William Ernest Henley

It has been said that only self made men will admit to being self made, yet we are all the result of our own choices.

In 1875 one of the English poet William Ernest Henley‘s legs required amputation due to complications arising from tuberculosis. Immediately after the amputation he was told that his other leg would require a similar procedure. He chose instead to enlist the services of the distinguished surgeon Joseph Lister, who was able to save Henley’s remaining leg after multiple surgical interventions on the foot.

While recovering in the infirmary, he was moved to write the verses that became “Invictus.” This period of his life, coupled with recollections of an impoverished childhood, were primary inspirations for the poem, and play a major role in its meaning.

Nobody has a life free of trouble, worry, unfair attacks, loss, pain, grief, illness, death, or unexpected setbacks. Yet what makes us strong and builds character is how we choose to handle those difficulties. We can whine and blame and feel sorry for ourselves like children, or we can, like Mr. Henley, take personal responsibility for our responses like mature adults.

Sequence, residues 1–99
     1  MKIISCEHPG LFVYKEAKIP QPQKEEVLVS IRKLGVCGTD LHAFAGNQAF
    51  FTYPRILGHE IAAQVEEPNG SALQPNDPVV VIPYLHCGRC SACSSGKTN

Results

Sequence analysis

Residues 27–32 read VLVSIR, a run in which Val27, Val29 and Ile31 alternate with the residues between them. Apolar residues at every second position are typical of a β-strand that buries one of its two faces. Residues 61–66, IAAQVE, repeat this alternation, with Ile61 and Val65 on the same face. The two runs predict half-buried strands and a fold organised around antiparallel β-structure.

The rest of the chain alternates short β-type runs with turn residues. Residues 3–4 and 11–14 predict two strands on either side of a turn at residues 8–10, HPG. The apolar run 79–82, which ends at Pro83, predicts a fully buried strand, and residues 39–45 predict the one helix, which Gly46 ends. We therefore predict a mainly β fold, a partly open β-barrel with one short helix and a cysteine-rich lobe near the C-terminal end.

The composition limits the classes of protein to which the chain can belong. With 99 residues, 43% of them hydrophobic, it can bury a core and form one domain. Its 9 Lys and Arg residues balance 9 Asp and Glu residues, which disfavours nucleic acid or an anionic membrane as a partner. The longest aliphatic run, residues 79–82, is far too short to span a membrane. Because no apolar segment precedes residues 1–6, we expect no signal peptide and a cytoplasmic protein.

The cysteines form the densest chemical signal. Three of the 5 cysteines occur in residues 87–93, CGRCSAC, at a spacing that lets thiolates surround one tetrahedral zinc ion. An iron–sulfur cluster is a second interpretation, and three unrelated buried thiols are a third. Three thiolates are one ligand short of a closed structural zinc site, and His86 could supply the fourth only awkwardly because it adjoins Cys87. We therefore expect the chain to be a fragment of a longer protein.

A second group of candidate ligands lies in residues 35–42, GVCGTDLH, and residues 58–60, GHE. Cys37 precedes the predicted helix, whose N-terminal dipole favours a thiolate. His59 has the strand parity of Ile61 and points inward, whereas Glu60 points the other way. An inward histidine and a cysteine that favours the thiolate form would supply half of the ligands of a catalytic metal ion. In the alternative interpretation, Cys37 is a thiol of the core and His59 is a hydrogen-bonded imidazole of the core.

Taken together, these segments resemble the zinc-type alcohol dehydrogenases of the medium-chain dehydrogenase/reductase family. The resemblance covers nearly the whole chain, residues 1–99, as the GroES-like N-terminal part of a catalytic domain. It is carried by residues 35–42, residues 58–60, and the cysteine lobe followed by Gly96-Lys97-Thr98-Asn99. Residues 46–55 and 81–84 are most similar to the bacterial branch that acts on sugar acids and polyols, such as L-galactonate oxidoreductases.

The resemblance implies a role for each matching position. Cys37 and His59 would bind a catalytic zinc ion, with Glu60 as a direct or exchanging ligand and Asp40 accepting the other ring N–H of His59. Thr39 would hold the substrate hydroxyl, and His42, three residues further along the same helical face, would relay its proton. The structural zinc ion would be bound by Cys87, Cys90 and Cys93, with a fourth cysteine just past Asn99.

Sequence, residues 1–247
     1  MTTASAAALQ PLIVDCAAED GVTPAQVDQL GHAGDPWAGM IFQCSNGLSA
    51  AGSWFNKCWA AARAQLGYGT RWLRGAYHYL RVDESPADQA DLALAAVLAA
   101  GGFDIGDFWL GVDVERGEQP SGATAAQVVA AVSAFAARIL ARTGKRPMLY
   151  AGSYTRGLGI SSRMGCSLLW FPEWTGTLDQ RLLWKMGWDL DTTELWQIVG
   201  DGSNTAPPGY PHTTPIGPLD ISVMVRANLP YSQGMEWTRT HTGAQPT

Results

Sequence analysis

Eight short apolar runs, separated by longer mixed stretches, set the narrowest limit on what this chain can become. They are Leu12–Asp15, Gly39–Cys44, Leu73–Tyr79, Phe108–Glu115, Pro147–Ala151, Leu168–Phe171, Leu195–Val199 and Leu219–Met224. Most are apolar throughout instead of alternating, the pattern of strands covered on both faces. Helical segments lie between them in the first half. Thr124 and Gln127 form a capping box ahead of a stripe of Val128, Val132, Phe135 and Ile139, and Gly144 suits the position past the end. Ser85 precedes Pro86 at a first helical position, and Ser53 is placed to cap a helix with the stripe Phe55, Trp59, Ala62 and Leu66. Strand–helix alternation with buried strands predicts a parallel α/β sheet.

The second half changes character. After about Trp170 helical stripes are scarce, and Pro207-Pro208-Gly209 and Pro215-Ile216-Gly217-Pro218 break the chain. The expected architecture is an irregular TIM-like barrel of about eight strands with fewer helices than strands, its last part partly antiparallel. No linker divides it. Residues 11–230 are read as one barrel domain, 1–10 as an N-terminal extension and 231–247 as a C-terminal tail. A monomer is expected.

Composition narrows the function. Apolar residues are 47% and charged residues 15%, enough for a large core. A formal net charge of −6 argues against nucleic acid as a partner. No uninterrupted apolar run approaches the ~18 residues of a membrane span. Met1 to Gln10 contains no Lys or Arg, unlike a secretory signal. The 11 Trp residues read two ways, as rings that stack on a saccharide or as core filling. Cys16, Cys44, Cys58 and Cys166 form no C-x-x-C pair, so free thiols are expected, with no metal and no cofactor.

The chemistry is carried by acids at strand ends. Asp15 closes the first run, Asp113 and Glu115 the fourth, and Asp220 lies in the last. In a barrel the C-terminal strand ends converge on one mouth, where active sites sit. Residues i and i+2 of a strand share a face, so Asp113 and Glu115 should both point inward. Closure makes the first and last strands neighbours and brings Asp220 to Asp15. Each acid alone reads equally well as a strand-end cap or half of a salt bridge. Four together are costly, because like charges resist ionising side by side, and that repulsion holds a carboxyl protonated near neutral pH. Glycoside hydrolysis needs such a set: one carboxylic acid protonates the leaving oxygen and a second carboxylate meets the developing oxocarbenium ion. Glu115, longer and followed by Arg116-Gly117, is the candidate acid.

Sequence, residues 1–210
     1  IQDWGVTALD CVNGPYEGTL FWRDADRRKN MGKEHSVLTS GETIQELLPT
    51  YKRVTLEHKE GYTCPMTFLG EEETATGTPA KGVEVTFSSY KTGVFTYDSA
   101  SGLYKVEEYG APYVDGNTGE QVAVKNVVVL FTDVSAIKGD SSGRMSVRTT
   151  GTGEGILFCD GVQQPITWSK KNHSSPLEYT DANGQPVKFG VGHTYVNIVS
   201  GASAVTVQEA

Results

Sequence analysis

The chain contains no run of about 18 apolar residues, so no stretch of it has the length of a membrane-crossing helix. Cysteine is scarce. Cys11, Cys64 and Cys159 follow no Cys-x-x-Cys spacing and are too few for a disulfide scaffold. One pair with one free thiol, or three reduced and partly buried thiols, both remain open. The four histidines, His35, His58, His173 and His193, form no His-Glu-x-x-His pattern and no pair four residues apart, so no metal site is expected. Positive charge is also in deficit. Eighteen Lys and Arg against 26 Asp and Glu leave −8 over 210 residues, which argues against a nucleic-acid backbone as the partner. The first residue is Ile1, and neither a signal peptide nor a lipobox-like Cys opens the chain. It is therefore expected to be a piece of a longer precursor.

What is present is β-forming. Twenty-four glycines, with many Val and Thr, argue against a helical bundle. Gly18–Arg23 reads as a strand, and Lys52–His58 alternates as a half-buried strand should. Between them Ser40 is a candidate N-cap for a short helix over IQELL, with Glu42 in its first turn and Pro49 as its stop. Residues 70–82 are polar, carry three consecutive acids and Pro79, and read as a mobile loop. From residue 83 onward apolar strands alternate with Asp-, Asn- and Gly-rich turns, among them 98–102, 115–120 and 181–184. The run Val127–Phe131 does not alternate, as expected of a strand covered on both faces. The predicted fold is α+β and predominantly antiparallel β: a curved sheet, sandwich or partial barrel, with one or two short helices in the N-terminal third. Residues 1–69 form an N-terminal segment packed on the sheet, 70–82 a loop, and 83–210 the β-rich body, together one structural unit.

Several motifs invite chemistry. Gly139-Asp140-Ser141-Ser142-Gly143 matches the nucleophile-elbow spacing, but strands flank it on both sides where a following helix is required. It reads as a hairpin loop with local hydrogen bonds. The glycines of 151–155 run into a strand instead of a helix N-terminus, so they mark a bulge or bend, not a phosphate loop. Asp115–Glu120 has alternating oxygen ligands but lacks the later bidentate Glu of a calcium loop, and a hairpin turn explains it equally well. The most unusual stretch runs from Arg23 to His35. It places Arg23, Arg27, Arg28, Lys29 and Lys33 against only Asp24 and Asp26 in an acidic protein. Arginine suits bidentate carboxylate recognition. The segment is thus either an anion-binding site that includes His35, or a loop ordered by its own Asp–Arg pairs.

If you’re not making enough money, find a way to make your services more valuable, to help more people and have them pay for the benefits you create. Man up: use your God given talents and skills and mind to solve your problems and learn the skills that you need to have in order to achieve your goals. Excuses are the sign of a weak character and a slow intellect.


Out of the night that covers me,

Black as the pit from pole to pole,

I thank whatever gods may be

For my unconquerable soul.

In the fell clutch of circumstance

I have not winced nor cried aloud.

Under the bludgeonings of chance

My head is bloody, but unbowed.

Beyond this place of wrath and tears

Looms but the Horror of the shade,

And yet the menace of the years

Finds, and shall find me, unafraid.

It matters not how strait the gate,

How charged with punishments the scroll,

I am the master of my fate:

I am the captain of my soul.


Robin Elliott   LeverageAdvantage.com